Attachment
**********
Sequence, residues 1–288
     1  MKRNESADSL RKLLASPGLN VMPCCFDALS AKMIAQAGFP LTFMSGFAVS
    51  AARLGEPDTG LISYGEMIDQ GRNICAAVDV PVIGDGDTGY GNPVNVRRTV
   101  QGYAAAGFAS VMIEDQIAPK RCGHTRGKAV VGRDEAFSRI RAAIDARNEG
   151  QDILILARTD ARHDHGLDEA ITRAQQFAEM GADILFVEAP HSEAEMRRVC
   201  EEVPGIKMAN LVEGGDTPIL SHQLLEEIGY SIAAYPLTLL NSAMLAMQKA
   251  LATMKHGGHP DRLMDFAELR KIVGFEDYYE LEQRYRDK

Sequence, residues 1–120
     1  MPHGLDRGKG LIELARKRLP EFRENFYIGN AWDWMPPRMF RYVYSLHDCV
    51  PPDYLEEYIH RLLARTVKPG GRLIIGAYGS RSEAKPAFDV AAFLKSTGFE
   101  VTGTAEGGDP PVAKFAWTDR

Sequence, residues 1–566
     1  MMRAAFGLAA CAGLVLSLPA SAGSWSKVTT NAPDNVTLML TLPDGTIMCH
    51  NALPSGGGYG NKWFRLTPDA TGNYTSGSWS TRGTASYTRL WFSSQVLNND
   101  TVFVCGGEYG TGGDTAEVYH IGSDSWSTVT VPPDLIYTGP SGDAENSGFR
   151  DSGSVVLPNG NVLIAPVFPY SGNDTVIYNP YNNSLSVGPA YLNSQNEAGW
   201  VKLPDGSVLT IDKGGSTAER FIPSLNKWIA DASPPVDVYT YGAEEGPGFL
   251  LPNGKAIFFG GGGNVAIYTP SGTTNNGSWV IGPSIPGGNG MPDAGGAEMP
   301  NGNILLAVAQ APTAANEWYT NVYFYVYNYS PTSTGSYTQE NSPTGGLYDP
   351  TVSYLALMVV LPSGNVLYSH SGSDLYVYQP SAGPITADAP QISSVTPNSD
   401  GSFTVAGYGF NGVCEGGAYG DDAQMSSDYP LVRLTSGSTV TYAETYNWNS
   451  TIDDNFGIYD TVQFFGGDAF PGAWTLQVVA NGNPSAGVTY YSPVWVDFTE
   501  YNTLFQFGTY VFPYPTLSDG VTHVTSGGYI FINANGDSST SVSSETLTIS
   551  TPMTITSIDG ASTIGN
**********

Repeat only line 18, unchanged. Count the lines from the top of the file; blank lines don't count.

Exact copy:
   251  LPNGKAIFFG GGGNVAIYTP SGTTNNGSWV IGPSIPGGNG MPDAGGAEMP